What are the basic steps for forming a business entity for my rental property?
Since businesses are formed at the state rather than the federal level, the process of forming a business entity depends on your state as well as the type of business entity you want to form. Generally, the process includes meeting certain requirements, filing certain documents about your business with your state, and paying a fee. At minimum, these documents require the name and address of your business, its legal representative or agent, and the business purpose. Some states require those forming certain business entities to provide more specific information, such as the names of the initial directors or the number of shares of stock the business may issue. With a little preparation and the right help, forming a business entity can be easier than expected.
How do I decide which business entity type is right for my rental business?
The type of business entity that is best for your rental business depends on a number of factors and considerations.
Individual landlords typically create business entities to limit personal liability while maintaining control over the administration of their rental property. A Limited Liability Company (LLC) maximizes these benefits without imposing complicated accounting requirements or subjecting the owner to double taxation.
If multiple people invest in your rental property without taking an active management role, an S-corp might be the best business entity type. An S-corp protects shareholders, prevents double-taxation, and continues to exist independently of the individual who formed it.
C-corps are the most complicated form of business entity. They provide the most control over the issuing of stocks and other forms of equity but come with complicated accounting requirements, detailed restrictions on management, and double taxation. As such, they are typically reserved for the largest and most complex rental businesses.
Sole proprietorships, which are the default business form in most states, do not shield their owners from liability. Nonprofits are limited to very specific public interest purposes, which generally do not include for-profit rental operations. As such, neither is well-suited to a rental business.
Which state is best for forming a business entity for my rental property?
Assuming you live in the same state as your rental property, the easiest and most affordable option is typically to form a business entity in that state.
If you live in a different state from your rental property, you may want to consider forming a business either in the state where you live or the state where the property is located. Even if forming your business in the state where you live is cheaper, you may still be required to register your business in every state in which you own and operate rental property. To determine the best location for your business entity, however, you may want to ask a lawyer.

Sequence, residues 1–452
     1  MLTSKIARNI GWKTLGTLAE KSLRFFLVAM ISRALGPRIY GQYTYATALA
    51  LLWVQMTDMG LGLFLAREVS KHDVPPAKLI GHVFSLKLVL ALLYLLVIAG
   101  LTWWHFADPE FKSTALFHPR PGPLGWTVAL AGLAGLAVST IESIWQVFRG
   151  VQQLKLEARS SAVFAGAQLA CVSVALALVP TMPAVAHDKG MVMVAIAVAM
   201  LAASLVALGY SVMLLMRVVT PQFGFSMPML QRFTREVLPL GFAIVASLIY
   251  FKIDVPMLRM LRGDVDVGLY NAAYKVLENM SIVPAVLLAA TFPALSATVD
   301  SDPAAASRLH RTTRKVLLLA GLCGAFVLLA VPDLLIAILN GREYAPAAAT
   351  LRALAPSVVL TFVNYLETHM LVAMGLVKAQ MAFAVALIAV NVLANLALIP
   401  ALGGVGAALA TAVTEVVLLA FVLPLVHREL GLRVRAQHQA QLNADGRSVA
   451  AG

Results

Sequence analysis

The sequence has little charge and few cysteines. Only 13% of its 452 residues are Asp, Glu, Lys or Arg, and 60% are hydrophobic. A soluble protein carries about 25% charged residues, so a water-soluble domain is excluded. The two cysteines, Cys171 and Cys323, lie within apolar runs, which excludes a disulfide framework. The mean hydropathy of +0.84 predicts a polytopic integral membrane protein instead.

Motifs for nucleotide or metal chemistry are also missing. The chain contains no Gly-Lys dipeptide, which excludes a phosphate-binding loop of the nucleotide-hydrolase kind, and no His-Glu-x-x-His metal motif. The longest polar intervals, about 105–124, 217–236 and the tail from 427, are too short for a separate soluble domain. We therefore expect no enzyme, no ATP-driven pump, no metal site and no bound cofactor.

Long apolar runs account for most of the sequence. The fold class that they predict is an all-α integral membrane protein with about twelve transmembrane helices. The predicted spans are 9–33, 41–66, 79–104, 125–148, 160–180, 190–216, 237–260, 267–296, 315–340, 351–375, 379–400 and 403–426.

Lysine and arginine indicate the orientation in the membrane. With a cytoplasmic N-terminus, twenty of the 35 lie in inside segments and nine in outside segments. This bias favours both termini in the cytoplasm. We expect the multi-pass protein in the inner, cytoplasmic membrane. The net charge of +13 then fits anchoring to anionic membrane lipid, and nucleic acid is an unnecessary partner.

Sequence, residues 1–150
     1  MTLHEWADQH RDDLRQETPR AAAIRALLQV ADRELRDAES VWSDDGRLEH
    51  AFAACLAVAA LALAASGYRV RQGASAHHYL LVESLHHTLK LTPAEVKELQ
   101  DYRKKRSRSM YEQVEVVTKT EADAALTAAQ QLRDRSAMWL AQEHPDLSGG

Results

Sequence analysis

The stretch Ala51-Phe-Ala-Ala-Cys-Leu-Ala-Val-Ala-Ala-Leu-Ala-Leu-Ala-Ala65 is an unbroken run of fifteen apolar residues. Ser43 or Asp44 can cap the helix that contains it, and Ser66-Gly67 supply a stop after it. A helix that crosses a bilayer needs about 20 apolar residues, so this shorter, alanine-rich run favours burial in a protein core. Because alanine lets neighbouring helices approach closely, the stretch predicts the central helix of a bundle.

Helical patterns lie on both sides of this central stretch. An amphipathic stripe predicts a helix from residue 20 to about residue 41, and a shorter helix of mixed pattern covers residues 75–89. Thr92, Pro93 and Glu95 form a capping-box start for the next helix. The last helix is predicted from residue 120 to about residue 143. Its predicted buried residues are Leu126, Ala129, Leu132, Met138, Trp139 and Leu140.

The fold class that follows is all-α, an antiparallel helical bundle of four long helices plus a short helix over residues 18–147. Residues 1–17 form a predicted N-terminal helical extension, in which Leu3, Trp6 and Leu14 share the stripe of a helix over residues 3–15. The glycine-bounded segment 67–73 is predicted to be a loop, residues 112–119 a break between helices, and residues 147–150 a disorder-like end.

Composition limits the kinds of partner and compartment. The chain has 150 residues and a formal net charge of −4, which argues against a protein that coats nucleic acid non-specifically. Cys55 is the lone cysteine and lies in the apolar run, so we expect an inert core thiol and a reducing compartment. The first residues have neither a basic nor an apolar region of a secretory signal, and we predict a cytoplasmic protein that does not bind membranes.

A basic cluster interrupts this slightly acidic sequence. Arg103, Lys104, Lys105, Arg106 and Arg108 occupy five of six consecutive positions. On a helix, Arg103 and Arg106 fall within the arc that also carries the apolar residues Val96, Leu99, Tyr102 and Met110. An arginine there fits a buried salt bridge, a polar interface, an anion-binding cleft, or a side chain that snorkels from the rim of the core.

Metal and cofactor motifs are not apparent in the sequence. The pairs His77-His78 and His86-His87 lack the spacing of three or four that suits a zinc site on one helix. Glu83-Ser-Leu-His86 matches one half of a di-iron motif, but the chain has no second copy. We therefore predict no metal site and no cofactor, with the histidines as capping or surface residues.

Are additional steps required to complete the transfer of ownership of my rental property to my business?
Yes, and the steps vary by state. The process for transferring property depends on state law, though most states require that a Quitclaim Deed or Warranty Deed showing the change of ownership be filed with the appropriate state agency. It is important to note, however, that an outstanding mortgage on the property may restrict transfer of the title. For example, most mortgages have a due-on-sale term that requires the property owner to pay the full value of the mortgage before transferring ownership to a business, even if they are the sole owner of the business.
Any rental property that you owned before forming your business is required to be transferred to your business for it to be covered under the limited liability of your business entity. If you plan to have your LLC manage the property while you retain ownership, you may be required to obtain a real estate license first, as many states require a real estate license for businesses to manage any properties they do not own.
Are new Lease Agreements required for existing tenants after forming a rental business?
In most cases, a new Lease Agreement is not required upon transferring ownership of your rental property to your business. Your business simply becomes the landlord under the terms of your preexisting leases. That said, you may wish to specify that the business is assuming the existing leases on the property by laying it out in the documents that transfer ownership of the property from you to your business. You may also ask existing tenants to sign a Lease Amendment clarifying that the business is the new landlord. Because such an addendum would not change the substantive terms of the lease, you can expect tenants to be amenable to signing it.
Can starting a real estate business for my rental property impact my property or personal taxes?
Yes, but it depends on the type of business entity you form. Some business entity types, such as LLCs and S-corps, have pass-through taxes, which means that owners and shareholders are taxed only on their personal tax returns, not on the business’s returns. Others, such as C-corps, are subjected to double taxation, meaning that shareholders are taxed both on the business and individual level.
The experts at Rocket Tax can help you consider the complicated and substantial tax consequences of a business formation. If you have more questions about forming a business entity for your rental property, reach out to a Rocket Lawyer network attorney for affordable legal advice.
This article contains general legal information and does not contain legal advice. Rocket Lawyer is not a law firm or a substitute for an attorney or law firm. The law is complex and changes often. For legal advice, please ask a lawyer.